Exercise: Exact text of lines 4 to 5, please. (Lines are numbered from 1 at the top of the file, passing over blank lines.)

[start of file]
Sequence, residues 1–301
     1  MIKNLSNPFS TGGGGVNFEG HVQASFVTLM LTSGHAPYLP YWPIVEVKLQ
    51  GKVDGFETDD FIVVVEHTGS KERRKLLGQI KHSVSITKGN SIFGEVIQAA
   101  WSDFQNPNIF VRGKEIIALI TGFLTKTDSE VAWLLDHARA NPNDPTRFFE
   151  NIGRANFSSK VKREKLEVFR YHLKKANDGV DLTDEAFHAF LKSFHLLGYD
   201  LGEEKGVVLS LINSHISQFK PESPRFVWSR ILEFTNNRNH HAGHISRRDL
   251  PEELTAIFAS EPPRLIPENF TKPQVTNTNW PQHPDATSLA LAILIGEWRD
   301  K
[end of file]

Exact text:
   101  WSDFQNPNIF VRGKEIIALI TGFLTKTDSE VAWLLDHARA NPNDPTRFFE
   151  NIGRANFSSK VKREKLEVFR YHLKKANDGV DLTDEAFHAF LKSFHLLGYD